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“WELL, did you have a good time?” he asked.
“The old movies are always the best,” she said.
Earlier in the evening a gentle misty drizzle had dampened the brickwork of the city hall and now the reflection of streetlights glistened off the walls. Church Street was quiet. The shops were shut. Here and there the occasional individual moved past the shutters on their way elsewhere.
They walked on the pavement with their hands in their pockets. Their fingers were pushed deep against the material, but at least they were secure and there was no touching or sign of vulnerability. A falling star far above burned a trail across the sky.
“I’m going to be busy tomorrow,” he said.
“Yeah, sure,” she muttered.
After a while she stopped next to a shop window. He stopped a little ahead and then walked back to her.
“Wow. I really love those earrings,” she said.
They weren’t his scene and he felt a little distanced from her. She didn’t need earrings because he thought her more attractive, just plain her. She was the most beautiful when he visited her unexpectedly, when she was just her. But he couldn’t tell her even though he wished he could.
“I’ve got to say something which is quite important,” he said.
There was a silence between them.
She inquired, but he found he couldn’t say what it was.
He rubbed his chin, feeling a day of stubble against his thumb skin and then he shoved his hands firmly back in his pockets. She watched, for any sign. And then she tentatively tugged at her earlobe and he watched her from the corner of his eye.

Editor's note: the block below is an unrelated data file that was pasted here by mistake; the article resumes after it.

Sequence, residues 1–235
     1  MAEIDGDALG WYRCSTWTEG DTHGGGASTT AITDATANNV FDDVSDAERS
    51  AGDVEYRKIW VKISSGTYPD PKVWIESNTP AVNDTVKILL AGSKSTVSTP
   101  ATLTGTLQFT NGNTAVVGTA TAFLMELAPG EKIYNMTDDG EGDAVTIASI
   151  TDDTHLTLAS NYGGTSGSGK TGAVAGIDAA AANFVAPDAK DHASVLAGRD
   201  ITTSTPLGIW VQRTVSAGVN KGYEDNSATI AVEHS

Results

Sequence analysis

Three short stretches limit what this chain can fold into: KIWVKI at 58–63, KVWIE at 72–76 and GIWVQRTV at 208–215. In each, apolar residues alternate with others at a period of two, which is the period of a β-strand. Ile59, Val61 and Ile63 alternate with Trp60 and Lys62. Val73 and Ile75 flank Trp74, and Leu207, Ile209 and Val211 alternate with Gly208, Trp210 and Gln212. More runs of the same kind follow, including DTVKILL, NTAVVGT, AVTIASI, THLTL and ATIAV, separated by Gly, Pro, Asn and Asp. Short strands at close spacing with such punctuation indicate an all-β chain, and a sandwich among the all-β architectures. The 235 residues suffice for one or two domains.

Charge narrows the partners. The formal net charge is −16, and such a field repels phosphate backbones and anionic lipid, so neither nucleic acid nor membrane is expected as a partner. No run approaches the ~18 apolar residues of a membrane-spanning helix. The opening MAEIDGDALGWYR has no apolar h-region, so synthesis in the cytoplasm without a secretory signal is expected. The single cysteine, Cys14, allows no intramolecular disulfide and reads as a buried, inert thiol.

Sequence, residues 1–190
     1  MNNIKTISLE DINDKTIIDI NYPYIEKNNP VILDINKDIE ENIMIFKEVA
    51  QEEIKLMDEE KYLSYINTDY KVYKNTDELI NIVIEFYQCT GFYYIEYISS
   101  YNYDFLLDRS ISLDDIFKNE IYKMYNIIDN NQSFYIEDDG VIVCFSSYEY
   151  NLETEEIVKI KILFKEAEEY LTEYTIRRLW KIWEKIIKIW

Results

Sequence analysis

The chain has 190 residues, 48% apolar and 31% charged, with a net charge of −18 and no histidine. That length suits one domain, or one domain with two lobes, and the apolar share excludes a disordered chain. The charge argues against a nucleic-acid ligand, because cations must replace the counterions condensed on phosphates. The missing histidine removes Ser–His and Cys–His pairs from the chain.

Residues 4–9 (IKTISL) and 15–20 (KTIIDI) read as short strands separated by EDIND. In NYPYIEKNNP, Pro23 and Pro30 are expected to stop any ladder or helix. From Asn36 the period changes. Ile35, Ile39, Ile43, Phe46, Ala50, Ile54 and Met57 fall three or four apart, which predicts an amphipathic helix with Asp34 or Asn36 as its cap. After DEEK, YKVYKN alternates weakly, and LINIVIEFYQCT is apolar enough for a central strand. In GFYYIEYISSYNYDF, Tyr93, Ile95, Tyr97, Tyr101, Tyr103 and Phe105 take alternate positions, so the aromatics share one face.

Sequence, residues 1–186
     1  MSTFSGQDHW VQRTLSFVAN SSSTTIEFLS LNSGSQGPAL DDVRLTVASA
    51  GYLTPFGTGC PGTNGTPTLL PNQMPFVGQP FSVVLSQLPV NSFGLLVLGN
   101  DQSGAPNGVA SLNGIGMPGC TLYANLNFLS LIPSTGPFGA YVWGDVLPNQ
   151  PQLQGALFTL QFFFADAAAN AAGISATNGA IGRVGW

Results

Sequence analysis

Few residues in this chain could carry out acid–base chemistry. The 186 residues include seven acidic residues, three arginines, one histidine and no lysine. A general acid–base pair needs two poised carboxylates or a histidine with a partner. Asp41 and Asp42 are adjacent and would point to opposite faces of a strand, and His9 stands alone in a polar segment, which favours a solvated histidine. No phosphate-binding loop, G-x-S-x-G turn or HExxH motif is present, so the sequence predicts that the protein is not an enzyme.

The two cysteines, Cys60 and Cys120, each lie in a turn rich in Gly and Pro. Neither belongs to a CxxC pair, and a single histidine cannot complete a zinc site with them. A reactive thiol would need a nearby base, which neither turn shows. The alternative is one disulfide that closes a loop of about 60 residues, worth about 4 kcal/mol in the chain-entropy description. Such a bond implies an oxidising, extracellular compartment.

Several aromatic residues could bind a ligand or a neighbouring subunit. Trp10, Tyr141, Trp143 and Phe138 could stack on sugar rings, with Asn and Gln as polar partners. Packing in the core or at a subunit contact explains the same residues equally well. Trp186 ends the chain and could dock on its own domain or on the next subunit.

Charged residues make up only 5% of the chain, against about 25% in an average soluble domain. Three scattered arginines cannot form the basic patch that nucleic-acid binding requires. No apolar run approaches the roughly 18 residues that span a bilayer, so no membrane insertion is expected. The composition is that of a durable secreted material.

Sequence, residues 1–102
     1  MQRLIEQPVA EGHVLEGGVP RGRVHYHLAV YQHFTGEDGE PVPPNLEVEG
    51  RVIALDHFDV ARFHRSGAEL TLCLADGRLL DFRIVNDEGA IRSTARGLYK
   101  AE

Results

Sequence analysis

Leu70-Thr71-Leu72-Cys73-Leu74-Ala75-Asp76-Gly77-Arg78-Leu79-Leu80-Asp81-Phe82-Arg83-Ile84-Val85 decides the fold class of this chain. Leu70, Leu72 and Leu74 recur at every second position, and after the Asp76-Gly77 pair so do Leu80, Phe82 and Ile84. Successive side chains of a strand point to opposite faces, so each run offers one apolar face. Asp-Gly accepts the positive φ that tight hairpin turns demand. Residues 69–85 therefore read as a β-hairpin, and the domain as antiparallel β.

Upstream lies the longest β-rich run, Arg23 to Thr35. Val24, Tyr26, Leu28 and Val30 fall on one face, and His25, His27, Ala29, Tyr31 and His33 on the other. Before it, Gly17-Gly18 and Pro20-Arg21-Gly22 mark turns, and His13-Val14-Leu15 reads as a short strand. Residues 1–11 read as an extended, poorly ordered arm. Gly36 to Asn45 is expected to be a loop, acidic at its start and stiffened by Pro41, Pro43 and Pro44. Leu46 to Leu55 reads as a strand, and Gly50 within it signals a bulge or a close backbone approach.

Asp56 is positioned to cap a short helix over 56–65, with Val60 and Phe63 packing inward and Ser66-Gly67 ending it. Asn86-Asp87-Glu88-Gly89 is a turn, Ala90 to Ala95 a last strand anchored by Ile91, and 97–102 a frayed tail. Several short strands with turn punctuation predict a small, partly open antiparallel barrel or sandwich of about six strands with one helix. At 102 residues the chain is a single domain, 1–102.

They came to a main road and he looked to the right and looked just a little too long. She thought he was looking at her.
“Let’s sit down here. I need to say something,” he said as they sat down on the edge of the pavement on a small stone wall, in the dark night under an open sky.
“I’m cold,” she said.
He waited, unsure and then took his coat off and put it round her shoulders. No touching. The stars shone bright.
“Okay, this isn’t easy to say.” The pause ran long. “I’ve never said this before.” The pause ran longer and they both leaned back and looked up at the stars.
His breath drifted out visibly from his mouth.
“I’ve been visiting you a lot lately, and … I want to know if I’m doing the right thing.”
He almost asked it as a question.
The condensation slowly evaporated into the dark.
She wanted something more definite before she would talk and so she waited.
He said: “I’ve been to see you four times in the last week … and … I want to know that … this is okay with you.”
She looked at him and said: “Yes.”
“Do you want me to keep visiting you?” he asked, “because I want to visit you.”
“I need a friend,” she said, “I need someone to talk to and you’re so good at lifting me up when I’m feeling bad. If I’m feeling down, you make me laugh with your jokes.”
“So, it’s okay?” he asked.
“Yes,” she answered. “It’s okay.”
• The winners of the True Stories competition have been announced (see www.witness.co.za for name if you missed this). Over the next few months we will be publishing the remainder of the semi-finalists’ stories.
About the author
SIMON Crane is an English teacher at Michaelhouse and is passionate about his job. His hobbies include fiction-writing, mountain-biking, his motorbike, visual literacy and popular culture. “I try to incorporate many of these interests in my classroom teaching. I am married to Marianne and we have two children.”